The simple truth of the ten stages of genocide

American scholar Gregory H Stanton outlined how the horrific process develops - and insisted at each stage it can be stopped

January 26, 2023 11:41

As we approach Holocaust Memorial Day and reflect on the murder of six million Jews, and on the genocides that have happened since in Cambodia, Rwanda, Bosnia and Darfur, we probably think we have a pretty good idea of what a genocide is.

But genocide is a complex phenomenon. Although it is generally accepted that it is the gravest crime against humanity, there is little consensus on what constitutes genocide and even less on when it is appropriate to invoke the term.

What is indisputable, though, is the fact that genocide involves the destruction, in whole or in part, of a particular group of people, such as the systematic murder of six million Jews by Nazis during the Holocaust.

Jewish-Polish lawyer Raphael Lemkin is widely recognised as the first person to coin the term “genocide” in the 1940s, as he sought to describe the state-sanctioned slaughter of Europe’s Jewish population, informed by what he had seen in the attempted destruction of Armenians.

Lemkin led a campaign to have genocide recognised and codified in international law as a crime and that happened in December 1948, when the UN General Assembly adopted the Genocide Convention. Countries signed up to the Convention have an obligation to “prevent and to punish” the crime of genocide.

Regrettably, genocides have continued to happen since the Holocaust: in Cambodia, Rwanda, Bosnia, and Darfur.

Having examined the conditions under which genocide happens and the parallels between genocides, American scholar Gregory H Stanton came up with his “ten stages of genocide”, including events that occur before, during and after a genocide.

He outlined these as Classification, Symbolisation, Discrimination, Dehumanisation, Organisation, Polarisation, Preparation, Persecution, Extermination and Denial.

He concluded that while some of these stages often occur simultaneously, identity-based persecution and prejudice can be entrenched over many years, even decades. “Genocide is a process that develops in ten stages that are predictable but not inexorable. At each stage, preventive measures can stop it,” Stanton said. In other words, it is possible to stop genocide before it happens.

It is impossible in this brief article to attempt anything like a detailed analysis of the ten stages, but it is important to remind ourselves of a simple truth at the heart of Stanton’s work: genocide never “just happens”.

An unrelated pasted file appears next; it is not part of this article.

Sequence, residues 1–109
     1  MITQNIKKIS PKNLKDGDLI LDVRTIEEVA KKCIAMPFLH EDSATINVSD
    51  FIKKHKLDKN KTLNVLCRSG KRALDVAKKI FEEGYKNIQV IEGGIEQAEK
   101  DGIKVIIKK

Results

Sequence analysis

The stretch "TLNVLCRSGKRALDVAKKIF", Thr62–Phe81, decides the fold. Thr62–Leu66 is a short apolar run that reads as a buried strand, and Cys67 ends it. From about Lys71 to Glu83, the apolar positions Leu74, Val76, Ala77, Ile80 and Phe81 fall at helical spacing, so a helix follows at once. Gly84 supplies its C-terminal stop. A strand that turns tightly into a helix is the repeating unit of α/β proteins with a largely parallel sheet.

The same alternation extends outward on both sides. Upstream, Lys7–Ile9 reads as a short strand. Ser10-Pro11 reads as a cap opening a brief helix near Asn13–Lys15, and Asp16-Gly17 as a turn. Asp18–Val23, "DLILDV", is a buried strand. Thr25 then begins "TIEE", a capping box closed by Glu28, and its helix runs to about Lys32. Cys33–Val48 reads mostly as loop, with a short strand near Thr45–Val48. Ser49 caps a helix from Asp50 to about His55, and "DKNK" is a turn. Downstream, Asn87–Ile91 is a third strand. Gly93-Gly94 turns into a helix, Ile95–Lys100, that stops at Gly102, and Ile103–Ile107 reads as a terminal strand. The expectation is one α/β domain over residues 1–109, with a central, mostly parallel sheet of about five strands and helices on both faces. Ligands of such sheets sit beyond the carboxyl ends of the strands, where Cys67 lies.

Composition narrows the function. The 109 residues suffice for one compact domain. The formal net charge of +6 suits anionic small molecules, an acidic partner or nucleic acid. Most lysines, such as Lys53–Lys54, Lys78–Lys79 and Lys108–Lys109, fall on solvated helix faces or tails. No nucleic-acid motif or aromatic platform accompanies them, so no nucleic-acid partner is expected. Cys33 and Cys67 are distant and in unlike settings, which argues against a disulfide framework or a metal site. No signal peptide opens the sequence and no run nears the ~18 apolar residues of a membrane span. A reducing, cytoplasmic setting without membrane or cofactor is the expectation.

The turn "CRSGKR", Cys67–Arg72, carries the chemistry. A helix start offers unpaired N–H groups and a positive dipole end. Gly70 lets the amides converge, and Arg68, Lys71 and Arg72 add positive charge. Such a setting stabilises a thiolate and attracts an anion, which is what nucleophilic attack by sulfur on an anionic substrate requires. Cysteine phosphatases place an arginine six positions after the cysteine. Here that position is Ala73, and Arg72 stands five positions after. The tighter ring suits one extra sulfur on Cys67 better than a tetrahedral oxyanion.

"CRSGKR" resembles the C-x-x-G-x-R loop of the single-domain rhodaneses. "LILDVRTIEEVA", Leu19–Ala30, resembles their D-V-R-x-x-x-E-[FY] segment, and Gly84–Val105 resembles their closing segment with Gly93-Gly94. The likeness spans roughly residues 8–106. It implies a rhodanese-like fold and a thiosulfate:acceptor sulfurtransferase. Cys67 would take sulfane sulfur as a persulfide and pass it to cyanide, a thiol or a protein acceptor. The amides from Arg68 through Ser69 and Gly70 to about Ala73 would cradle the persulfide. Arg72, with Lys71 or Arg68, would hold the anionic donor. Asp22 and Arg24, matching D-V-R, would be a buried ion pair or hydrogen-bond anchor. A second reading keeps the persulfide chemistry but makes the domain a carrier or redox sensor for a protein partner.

It is a deliberate policy that comes out a process of decision-making and planning. The Holocaust did not come from nowhere; it built on centuries of prejudice, years of propaganda that was very deliberately fostered, and years of incremental oppression. In the words of Adama Dieng, a former Special Adviser to the UN Secretary-General on the Prevention of Genocide, “The Holocaust did not start with the gas chambers.

It started with hate speech.” We should not see genocide as an inevitable crime, and clearly, a better understanding of the red flags can help us to speak out before things deteriorate.
Since the Holocaust, much of the civilised world stood in agreement that those horrors must never be repeated, but recent history shows otherwise.

And as we look around the world, we can see too many instances of grave concern. For example, “re-education” centres in the Xianjang province of China, where Uighur Muslims are imprisoned because of their faith and culture; targeted persecution of Rohingya Muslims in Myanmar, because of their faith; mass atrocities against the Ukrainian people because of their nationality.

The need to remain vigilant and aware of the stages that can lead to genocide has never been more important.

Olivia Marks-Woldman is the chief executive of the Holocaust Memorial Day Trust

The stages of genocide explained

1. Classification – The differences between people are not respected. There’s a division of “us” and “them” that can be carried out using stereotypes or excluding people who are perceived to be different.

2. Symbolisation – This is a visual manifestation of hatred. Jews in Nazi Europe were forced to wear yellow stars to show that they were “different”.

3. Discrimination – The dominant group denies civil rights or even citizenship to identified groups. The 1935 Nuremberg Laws stripped Jews of their German citizenship, made it illegal for them to do certain jobs or to marry German non-Jews.

4. Dehumanisation – Those perceived as “different” are treated with no form of human rights or personal dignity. During the genocide against the Tutsis in Rwanda, they were referred to as “cockroaches”; the Nazis referred to Jews as “vermin”.

5. Organisation – Genocides are always planned. Regimes of hatred train those who go on to carry out the destruction of a people.
6. Polarisation – Propaganda begins to be spread by hate groups. The Nazis used the newspaper Der Stürmer to spread and incite messages of hate about Jewish people.

7. Preparation – Perpetrators plan the genocide. They often use euphemisms such as the Nazi phrase “the final solution” to cloak their intentions. They create fear of the victim group, building up armies and weapons.

8. Persecution – Victims are identified because of their ethnicity or religion and death lists are drawn up. Following from this, people are sometimes segregated into ghettos, deported or starved and property is often expropriated. Genocidal massacres begin.

9. Extermination – The hate group murders their identified victims in a deliberate and systematic campaign of violence. Millions of lives have been destroyed or changed beyond recognition through genocides.

10. Denial – The perpetrators or later generations deny the existence of any crime.

January 26, 2023 11:41

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